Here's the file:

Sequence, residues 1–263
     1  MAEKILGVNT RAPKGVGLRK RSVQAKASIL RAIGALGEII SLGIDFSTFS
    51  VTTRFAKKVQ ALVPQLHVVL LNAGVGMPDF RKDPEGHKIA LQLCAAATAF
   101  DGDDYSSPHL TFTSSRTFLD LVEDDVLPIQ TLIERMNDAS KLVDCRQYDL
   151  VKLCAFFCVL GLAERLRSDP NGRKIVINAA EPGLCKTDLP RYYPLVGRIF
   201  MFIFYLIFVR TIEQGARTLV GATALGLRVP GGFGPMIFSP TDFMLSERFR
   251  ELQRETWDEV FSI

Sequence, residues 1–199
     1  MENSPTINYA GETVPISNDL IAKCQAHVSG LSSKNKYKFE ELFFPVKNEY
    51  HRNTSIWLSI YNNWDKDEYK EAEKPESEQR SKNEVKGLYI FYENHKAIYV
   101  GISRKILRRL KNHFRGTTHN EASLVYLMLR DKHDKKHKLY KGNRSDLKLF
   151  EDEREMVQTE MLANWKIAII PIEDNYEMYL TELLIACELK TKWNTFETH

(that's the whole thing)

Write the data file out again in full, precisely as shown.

Sequence, residues 1–263
     1  MAEKILGVNT RAPKGVGLRK RSVQAKASIL RAIGALGEII SLGIDFSTFS
    51  VTTRFAKKVQ ALVPQLHVVL LNAGVGMPDF RKDPEGHKIA LQLCAAATAF
   101  DGDDYSSPHL TFTSSRTFLD LVEDDVLPIQ TLIERMNDAS KLVDCRQYDL
   151  VKLCAFFCVL GLAERLRSDP NGRKIVINAA EPGLCKTDLP RYYPLVGRIF
   201  MFIFYLIFVR TIEQGARTLV GATALGLRVP GGFGPMIFSP TDFMLSERFR
   251  ELQRETWDEV FSI

Sequence, residues 1–199
     1  MENSPTINYA GETVPISNDL IAKCQAHVSG LSSKNKYKFE ELFFPVKNEY
    51  HRNTSIWLSI YNNWDKDEYK EAEKPESEQR SKNEVKGLYI FYENHKAIYV
   101  GISRKILRRL KNHFRGTTHN EASLVYLMLR DKHDKKHKLY KGNRSDLKLF
   151  EDEREMVQTE MLANWKIAII PIEDNYEMYL TELLIACELK TKWNTFETH